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The FOIA Process

Making a FOIA Request


Pre-determination communications

Pre-determination agency actions


Releasing Records


Administrative Appeals and/or OGIS



The first substantive response to a FOIA request is called a "determination." For an agency response to qualify as a determination, it must complete its a search for responsive records, review the records, and communicate to the requester which records will be released, which will be withheld, and the legal basis for any withholdings. The deadline for an agency to make a determination is usually 20 working dates from the date it is received.

Note that a mere acknowledgement of receipt of a request by an agency is not a "determination" under the law.

Agency deadlines for making a determination

Non-expedited requests

For ordinary (i.e., non-expedited) FOIA requests, the agency must make a "determination" within 20 days, excluding weekends and holidays, unless there are grounds for an extension (see section below).[1] The 20-day clock begins to run "on the date on which the request is first received by the appropriate component of the agency, but in any event not later than ten days after the request is first received by any component of the agency" designated in the agency’s regulations to receive FOIA requests.[2]

Expedited requests

If an request has been granted Expedited Processing, the agency must make a determination "as soon as practicable[.]"[3] In one case, the District Court for the District of Columbia interpreted this phrase to mean that

"an agency that violates the twenty-day deadline applicable to standard FOIA requests presumptively also fails to process an expedited request 'as soon as practicable.' That is, a prima facie showing of agency delay exists when an agency fails to process an expedited FOIA request within the time limit applicable to standard FOIA requests."[4]

Extensions to an agency's deadline

An agency may extend the 20-working day deadline for making a determination if "unusual circumstances" exist and it sends a written notification to the requester setting forth the unusual circumstances and the date on which a determination will be made.[5] The extension generally may not be for more than 10 working days.[6]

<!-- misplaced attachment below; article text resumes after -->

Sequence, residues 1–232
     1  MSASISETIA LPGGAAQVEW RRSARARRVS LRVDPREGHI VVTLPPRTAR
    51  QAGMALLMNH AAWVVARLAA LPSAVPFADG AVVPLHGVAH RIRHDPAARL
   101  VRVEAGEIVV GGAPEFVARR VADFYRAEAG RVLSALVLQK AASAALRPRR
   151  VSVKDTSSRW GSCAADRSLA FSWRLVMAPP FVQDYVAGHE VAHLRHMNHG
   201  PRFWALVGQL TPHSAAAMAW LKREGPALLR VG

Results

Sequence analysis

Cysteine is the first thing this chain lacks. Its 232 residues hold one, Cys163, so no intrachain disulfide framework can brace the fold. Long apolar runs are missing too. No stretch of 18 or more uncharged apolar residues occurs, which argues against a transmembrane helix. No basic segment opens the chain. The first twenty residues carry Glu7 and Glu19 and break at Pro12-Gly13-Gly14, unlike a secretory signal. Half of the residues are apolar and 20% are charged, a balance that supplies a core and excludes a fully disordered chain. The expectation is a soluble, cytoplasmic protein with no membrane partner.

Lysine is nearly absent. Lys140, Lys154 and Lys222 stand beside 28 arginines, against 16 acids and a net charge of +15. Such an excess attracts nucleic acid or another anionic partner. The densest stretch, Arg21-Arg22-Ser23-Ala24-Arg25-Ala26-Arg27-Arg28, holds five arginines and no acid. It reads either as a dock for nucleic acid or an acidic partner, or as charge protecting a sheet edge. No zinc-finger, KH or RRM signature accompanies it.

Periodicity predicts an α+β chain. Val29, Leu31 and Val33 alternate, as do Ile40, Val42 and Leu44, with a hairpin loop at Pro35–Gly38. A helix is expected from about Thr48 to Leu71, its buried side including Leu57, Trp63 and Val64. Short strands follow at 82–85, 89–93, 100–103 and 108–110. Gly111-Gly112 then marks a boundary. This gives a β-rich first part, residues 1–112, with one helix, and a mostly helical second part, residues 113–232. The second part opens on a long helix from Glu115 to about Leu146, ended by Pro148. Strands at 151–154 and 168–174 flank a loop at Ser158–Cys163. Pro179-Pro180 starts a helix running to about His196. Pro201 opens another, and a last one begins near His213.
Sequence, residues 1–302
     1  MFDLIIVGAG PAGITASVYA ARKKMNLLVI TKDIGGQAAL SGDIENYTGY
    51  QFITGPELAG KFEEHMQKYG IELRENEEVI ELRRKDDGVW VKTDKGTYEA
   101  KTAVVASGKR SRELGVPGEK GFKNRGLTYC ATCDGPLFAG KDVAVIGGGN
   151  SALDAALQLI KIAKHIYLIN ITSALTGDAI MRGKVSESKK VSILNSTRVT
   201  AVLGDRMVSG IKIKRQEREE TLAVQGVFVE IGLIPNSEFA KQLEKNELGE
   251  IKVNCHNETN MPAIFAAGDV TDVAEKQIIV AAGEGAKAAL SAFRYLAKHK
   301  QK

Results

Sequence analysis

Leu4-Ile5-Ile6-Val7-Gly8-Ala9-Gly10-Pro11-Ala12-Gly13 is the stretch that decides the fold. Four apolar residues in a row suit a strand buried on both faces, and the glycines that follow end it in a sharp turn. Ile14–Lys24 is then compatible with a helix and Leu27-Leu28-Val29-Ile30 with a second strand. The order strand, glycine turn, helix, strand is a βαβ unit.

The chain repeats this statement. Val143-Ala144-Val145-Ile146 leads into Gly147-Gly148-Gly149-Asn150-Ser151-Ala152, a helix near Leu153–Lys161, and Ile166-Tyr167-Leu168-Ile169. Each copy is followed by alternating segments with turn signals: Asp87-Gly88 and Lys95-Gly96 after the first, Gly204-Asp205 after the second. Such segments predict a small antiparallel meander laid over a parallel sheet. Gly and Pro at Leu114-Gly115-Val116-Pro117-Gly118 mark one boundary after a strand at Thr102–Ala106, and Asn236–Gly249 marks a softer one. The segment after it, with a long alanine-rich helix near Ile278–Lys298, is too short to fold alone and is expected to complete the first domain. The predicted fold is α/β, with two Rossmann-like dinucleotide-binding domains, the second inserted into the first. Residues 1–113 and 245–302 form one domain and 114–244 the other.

FOIA defines "unusual circumstances" as including three different situations:

"As used in this subparagraph, "unusual circumstances" means, but only to the extent reasonably necessary to the proper processing of the particular requests—
(I) the need to search for and collect the requested records from field facilities or other establishments that are separate from the office processing the request;
(II) the need to search for, collect, and appropriately examine a voluminous amount of separate and distinct records which are demanded in a single request; or
(III) the need for consultation, which shall be conducted with all practicable speed, with another agency having a substantial interest in the determination of the request or among two or more components of the agency having substantial subject-matter interest therein."[7]

If an agency invokes the 10 working day extension, but the request cannot be processed within that time frame, it must provide the requester with an opportunity to arrange an alternative time frame or modify the request.[8] A requester is under no obligation to modify their request or the agency's deadline, but a refusal to do so may factor into whether "exceptional circumstances" exist, which may have implications in litigation.[9]

Tolling an agency's deadline

In addition to the extensions referenced above, an agency may "toll" (i.e. pause) the 20-working day deadline for two reasons: